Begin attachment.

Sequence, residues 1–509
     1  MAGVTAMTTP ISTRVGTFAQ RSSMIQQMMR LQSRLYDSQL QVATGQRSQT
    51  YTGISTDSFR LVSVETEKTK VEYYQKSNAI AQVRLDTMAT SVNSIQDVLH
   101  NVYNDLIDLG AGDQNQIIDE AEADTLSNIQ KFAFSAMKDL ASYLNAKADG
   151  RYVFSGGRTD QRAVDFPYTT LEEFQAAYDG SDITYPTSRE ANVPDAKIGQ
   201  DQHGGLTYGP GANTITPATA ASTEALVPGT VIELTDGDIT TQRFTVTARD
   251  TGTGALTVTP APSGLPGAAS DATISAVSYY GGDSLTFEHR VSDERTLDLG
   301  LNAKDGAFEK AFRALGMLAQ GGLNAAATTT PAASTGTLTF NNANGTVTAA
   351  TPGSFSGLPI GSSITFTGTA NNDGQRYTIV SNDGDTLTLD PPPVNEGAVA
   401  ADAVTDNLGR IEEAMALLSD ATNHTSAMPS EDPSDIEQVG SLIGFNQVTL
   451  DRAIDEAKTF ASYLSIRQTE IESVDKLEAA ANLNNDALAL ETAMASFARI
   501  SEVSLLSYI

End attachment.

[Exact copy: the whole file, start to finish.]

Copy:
Sequence, residues 1–509
     1  MAGVTAMTTP ISTRVGTFAQ RSSMIQQMMR LQSRLYDSQL QVATGQRSQT
    51  YTGISTDSFR LVSVETEKTK VEYYQKSNAI AQVRLDTMAT SVNSIQDVLH
   101  NVYNDLIDLG AGDQNQIIDE AEADTLSNIQ KFAFSAMKDL ASYLNAKADG
   151  RYVFSGGRTD QRAVDFPYTT LEEFQAAYDG SDITYPTSRE ANVPDAKIGQ
   201  DQHGGLTYGP GANTITPATA ASTEALVPGT VIELTDGDIT TQRFTVTARD
   251  TGTGALTVTP APSGLPGAAS DATISAVSYY GGDSLTFEHR VSDERTLDLG
   301  LNAKDGAFEK AFRALGMLAQ GGLNAAATTT PAASTGTLTF NNANGTVTAA
   351  TPGSFSGLPI GSSITFTGTA NNDGQRYTIV SNDGDTLTLD PPPVNEGAVA
   401  ADAVTDNLGR IEEAMALLSD ATNHTSAMPS EDPSDIEQVG SLIGFNQVTL
   451  DRAIDEAKTF ASYLSIRQTE IESVDKLEAA ANLNNDALAL ETAMASFARI
   501  SEVSLLSYI